Sunday of the Holy Fathers of the First Ecumenical Council


On June 1, on the Sunday of the Holy Fathers of the First Ecumenical Council, St. George Church’s Rector, Archpriest Igor Tarasov served the Divine Liturgy. After the reading from the Holy Gospel he preached a homily:

“These days we live after the feast of the Ascension of the Lord and before the celebration of Pentecost. We are under the impression of the glorious lifting up of our Lord into heaven, and, at the same time, we are expecting the Descent of the Holy Spirit. In the same way, holy Apostles were experiencing this double feeling. They were missing their Teacher who ascended from them into heaven, and they were expecting the promised Holy Spirit to come down upon them. Thus this was a special time for the Apostles, a time of being together, joined in a constant prayer, waiting for the Holy Spirit.”
“Today’s Sunday the Church dedicates to the Holy Fathers of the First Ecumenical Council. This is so because the First Council was the result of the Church life after the Apostles. It showed that Christian community needs certain hierarchical authority and definition of true faith. Otherwise, many false teachings and errors may come and spread among Christians. In today’s Gospel lesson our Lord Jesus Christ is praying for His followers that they may be preserved in truth and have eternal life (Jn. 17, 1-13). That truth became endangered when a lot of false teachers appeared among the Christians right after the time of the Apostles. They began to proclaim erroneous opinions about God and about Christ. These teachings are called heresies. This is why the Ecumenical Councils had to define Orthodox faith, the right belief in God and Christ.”
“Despite the Councils and despite the labors of the Holy Fathers the heresies appeared again and again. The communities of the people who called themselves Christians but in fact had deviated and departed from Christ, multiplied. We may be wondering about this but we should read the Scripture carefully. It tells us that all this was supposed to happen. Today’s Epistle lesson describes how St. Paul preached to the elders of the early Church. He tells them: “Take heed to yourselves and to all the flock, among which the Holy Spirit has made you overseers, to shepherd the church of God which He purchased with His own blood. For I know this, that after my departure savage wolves will come in among you, not sparing the flock. Also from among yourselves men will rise up, speaking perverse things, to draw away the disciples after themselves” (Acts 20, 28-30).  We may ask how the Church of Christ could divide into different denominations. But the Scripture told us all about this. St. Paul warned his followers about this in today’s Epistle lesson.”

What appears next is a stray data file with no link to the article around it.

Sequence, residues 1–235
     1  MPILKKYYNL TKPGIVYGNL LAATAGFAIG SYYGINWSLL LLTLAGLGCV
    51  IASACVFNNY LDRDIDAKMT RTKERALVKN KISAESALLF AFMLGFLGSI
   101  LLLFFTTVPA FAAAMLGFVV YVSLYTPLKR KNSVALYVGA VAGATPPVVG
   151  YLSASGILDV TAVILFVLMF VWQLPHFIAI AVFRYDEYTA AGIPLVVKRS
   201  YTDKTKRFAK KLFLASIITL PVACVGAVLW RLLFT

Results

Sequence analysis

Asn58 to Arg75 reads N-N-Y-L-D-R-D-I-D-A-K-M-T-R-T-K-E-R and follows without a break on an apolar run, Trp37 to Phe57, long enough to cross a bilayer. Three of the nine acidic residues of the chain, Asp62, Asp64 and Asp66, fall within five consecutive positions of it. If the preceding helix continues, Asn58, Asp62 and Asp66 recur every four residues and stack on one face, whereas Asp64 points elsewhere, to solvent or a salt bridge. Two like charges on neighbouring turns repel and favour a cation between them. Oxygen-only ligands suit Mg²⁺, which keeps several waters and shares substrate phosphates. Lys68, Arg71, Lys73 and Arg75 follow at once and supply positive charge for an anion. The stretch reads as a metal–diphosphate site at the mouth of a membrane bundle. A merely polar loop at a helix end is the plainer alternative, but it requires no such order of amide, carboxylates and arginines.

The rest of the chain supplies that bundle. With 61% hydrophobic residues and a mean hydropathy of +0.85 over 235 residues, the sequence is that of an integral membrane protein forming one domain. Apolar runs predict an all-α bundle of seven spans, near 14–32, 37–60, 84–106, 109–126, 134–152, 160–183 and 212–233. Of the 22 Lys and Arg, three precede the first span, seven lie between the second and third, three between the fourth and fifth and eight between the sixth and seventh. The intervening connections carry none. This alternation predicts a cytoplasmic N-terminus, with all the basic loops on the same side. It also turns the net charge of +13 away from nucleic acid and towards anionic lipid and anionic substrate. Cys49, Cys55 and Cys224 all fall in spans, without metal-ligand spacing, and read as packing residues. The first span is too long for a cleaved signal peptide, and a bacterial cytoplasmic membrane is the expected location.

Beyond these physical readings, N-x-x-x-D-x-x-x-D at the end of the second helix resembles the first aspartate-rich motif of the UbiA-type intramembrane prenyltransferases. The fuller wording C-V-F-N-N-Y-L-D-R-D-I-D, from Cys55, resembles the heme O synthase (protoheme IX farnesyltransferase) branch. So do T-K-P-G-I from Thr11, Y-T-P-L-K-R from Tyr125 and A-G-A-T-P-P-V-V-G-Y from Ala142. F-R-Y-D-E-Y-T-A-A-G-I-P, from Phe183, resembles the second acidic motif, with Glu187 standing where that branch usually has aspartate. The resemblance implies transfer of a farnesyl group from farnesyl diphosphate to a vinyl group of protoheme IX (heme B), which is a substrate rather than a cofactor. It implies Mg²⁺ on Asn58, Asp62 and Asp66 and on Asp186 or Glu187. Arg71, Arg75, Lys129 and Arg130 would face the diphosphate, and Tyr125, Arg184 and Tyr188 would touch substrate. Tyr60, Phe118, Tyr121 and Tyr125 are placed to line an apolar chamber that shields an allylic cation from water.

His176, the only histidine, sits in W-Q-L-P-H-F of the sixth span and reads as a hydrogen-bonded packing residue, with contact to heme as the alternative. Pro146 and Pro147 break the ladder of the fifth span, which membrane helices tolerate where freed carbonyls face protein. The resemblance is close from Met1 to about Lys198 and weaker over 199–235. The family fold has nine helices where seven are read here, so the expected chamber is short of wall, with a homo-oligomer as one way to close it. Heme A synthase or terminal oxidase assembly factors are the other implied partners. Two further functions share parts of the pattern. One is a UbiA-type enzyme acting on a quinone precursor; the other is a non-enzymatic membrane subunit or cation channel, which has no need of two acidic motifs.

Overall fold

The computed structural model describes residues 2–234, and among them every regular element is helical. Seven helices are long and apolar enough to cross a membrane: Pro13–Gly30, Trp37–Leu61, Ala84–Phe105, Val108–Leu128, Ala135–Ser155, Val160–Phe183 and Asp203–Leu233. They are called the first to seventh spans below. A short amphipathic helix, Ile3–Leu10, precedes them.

“Our Lord Jesus Christ purchased us with His own precious blood. But it does not preserve us from going astray. People tend to make mistakes and to fall into errors. Christian communities had always been attacked by strange teachers whom St. Paul calls “savage wolves not sparing the flock” (Acts 20, 29). In the early times these were the influences of paganism or Judaism which attempted to penetrate into the Christian thought. They created numerous heresies of Gnostics or of the communities practicing Jewish customs. In our times these are the influences of different pagan religions, secular philosophies or just the spirit of this world which invades the minds of Christians. St. Paul also mentions that from among Christians “men will raise up, speaking perverse things, to draw away disciples after themselves” (Acts 20, 30). And this was fulfilled many times when among Christian communities, even among the clergy appeared some individuals or groups of people who began to preach false teachings and to draw the Christians away from the true Church. These were a lot of heresies which started to appear in the early times and continue to arise. These people claim to be Christians, but they deviate from Christ and went away from Him. The Scripture is being fulfilled in them. When you drive through a typical American town you may see several different churches, Baptist, Evangelical, Methodist, Adventist, or even so-called “the Churches of Christ”. Who are they? They call themselves the followers of the same Jesus Christ, however they teach differently, pray differently and live differently. They are the followers of those men who once arose among true Christians and began to speak perverse things, leading true Christians away. Not only St. Paul, but our Lord Jesus Christ Himself warned against them saying, “Beware of false prophets, who come to you in sheep’s clothing, but inwardly are ravenous wolves” (Mt. 7, 15).”
“Therefore, dear brothers and sisters, let us beware of the false teachings! Let us be grateful to the Lord who purchased our souls with His own precious blood, who gave us eternal life. And, as He says, eternal life is to know the only true God and His Son, Jesus Christ (Jn. 17, 3). Thus, let us desire eternal life by knowing our true faith, by adhering to the holy Orthodoxy defined by the Holy Fathers of the Councils. Let us fervently pray along with St. Paul of today’s Epistle lesson that we may be commended “to God and to the word of His grace, which is able to build you up and give you an inheritance among all those who are sanctified” (Acts 20, 32).”